Punto Final: Latinas Can Build the World We Want to Leave Behind

By Amanda Fernandez CEO and Founder of Latinos for Education

As Latinas, we often navigate workplaces and industries where we are the only ones in the room who look like us and have a similar upbringing as ours. For me, that’s been the case multiple times in the education sector. Whether I was sitting on the board of a nonprofit organization or an education board, I am often the lone Latina that has to make sure the voice and needs of our Latino community are heard. That shouldn’t be the case, especially when it comes to who represents our community in our nation’s education system.

Latinos represent 1 in 4 of all students in our public schools, but only 9 percent of all teachers and 9 percent of all principals nationwide identify as Latinx. This is a sobering statistic that impacts education and career outcomes for Latinos. It’s also a statistic that we have the power to change and that’s why I launched Latinos for Education.

The proposition was simple: our education system will be stronger when Latino students, and their families, see adults in their schools that look like them; and when the voice of Latinos is shaping education policy.

In our work with Latino leaders through our fellowship programs, we hear echoes of the same story playing out from generation to generation. Most tell us that they were fortunate if they had one Latino teacher during their entire academic journey, many had none. This lack of representation creates an environment where Latino students feel invisible or like they’re a problem that needs fixing.

But the research tells us that academic performance and career aspirations improve when students have teachers of similar backgrounds who can serve as role models and affirm their abilities. The validation students receive by Latino educators builds self-confidence among students who may doubt their academic potential. Our fellows often tell us how it was the one Latinx educator in their lives who helped them see college as a possibility, and helped them make it a reality.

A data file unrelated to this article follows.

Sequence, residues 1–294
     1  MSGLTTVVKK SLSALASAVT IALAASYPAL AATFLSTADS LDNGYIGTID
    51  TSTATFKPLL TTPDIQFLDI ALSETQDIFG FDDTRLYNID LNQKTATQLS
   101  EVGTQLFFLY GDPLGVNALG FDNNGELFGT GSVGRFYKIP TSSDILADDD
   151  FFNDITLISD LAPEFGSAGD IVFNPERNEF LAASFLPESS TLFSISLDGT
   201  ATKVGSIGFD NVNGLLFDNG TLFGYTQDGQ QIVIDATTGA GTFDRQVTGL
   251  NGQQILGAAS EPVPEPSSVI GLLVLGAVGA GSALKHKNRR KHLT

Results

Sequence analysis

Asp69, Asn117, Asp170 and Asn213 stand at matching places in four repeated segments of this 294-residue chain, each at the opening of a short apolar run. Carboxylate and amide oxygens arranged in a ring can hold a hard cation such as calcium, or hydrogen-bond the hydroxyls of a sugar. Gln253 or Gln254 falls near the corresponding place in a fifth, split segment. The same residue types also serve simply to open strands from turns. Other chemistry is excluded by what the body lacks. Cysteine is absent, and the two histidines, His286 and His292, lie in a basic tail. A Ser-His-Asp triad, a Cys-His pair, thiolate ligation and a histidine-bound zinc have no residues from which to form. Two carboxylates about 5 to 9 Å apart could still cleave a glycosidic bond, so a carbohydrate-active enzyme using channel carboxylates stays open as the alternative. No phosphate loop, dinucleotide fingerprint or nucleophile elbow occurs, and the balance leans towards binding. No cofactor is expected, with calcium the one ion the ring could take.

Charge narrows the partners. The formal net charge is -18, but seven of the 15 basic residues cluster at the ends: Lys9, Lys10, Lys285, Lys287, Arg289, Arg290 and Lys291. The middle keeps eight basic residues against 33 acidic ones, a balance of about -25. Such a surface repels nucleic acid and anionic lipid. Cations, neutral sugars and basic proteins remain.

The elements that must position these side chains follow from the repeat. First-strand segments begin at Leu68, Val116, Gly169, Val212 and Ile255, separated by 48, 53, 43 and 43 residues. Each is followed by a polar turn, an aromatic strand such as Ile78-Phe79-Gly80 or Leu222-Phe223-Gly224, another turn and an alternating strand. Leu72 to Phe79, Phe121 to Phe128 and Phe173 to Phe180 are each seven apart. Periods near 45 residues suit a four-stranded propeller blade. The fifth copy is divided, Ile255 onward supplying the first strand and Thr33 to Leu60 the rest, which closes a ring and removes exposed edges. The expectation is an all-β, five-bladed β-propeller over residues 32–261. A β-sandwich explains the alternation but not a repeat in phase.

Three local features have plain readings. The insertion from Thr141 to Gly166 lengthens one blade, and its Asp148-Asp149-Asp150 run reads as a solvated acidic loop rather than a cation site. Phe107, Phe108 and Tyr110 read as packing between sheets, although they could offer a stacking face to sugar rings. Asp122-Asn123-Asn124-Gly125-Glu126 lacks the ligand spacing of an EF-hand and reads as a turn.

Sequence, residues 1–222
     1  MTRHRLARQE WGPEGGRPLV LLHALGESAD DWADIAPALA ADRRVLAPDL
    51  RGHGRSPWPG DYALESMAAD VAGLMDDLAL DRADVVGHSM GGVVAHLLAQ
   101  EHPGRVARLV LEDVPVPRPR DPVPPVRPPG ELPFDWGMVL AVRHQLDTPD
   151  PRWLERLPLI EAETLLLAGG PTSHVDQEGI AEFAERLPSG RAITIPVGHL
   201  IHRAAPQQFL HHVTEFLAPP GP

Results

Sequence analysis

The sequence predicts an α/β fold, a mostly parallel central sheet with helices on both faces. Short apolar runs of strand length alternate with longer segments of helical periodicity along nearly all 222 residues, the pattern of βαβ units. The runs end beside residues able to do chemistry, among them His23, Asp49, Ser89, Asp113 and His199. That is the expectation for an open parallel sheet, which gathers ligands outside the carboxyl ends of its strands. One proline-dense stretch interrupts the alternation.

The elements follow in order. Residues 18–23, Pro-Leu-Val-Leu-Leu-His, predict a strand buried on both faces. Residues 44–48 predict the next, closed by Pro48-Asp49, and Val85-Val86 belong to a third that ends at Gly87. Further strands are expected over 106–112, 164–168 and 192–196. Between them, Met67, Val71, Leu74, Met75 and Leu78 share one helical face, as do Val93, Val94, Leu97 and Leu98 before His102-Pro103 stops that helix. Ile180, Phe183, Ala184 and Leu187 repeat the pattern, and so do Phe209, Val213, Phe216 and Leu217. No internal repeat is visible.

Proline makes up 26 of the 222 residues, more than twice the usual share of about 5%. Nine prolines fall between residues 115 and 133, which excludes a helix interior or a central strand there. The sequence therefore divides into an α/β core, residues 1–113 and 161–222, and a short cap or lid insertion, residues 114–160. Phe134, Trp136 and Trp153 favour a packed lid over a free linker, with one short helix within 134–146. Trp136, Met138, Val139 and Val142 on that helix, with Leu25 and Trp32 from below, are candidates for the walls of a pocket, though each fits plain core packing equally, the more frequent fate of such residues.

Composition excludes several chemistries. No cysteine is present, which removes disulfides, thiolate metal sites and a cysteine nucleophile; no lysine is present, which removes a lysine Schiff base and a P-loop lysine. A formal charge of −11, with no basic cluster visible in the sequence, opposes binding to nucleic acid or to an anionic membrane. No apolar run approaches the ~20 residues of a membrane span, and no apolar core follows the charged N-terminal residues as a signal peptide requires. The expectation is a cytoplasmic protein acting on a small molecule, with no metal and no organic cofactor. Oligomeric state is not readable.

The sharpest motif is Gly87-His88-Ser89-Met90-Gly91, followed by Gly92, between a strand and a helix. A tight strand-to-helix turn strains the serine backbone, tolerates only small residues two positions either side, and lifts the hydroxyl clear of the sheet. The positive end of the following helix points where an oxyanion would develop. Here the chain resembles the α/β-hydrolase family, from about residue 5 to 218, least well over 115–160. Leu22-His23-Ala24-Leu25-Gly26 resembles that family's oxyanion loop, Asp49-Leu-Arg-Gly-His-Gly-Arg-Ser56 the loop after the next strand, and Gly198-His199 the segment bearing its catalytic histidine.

However, being the only voice can be taxing. 43% of Latino educators end up leaving the profession within their first five years because they don’t feel supported enough and many don’t see opportunities for advancement within their school districts. This is especially true for Latina educators, and the COVID-19 pandemic has added extra pressure to those they were already juggling. Latinas in our programs tell us about how they often have to serve as their school’s parent engagement coordinator, chief diversity officer, translator, on top of being an educator; and never get compensated for doing that extra work or get overlooked for promotions.

Through Latinos for Education we are working to transform the education system so it not only welcomes more Latino educators, but it supports them in their careers to go on to be principals, superintendents, and school board members. The pandemic has made it clear that we need educators and education leaders that understand the Latino community, and now we are working to pass laws and change practices that give Latinos a seat at the table. The next generation of Latino students and educators are relying on us to make it happen and con ganas, we can.

Amanda Fernandez is the CEO and Founder of Latinos for Education, the first Latino-founded and led national organization dedicated to creating leadership pathways for emerging Latino education leaders and diversifying education nonprofit boards. She is a Trustee of the Board with the Massachusetts Board of Elementary and Secondary Education and Roxbury Community College. El Planeta has twice named her one of the 100 most influential Hispanics in Massachusetts and she is a Senior Fellow at FutureEd. Amanda has over 25 years of experience in the areas of recruiting, diversity, organization development, change management, strategic planning, and Latino community relations.
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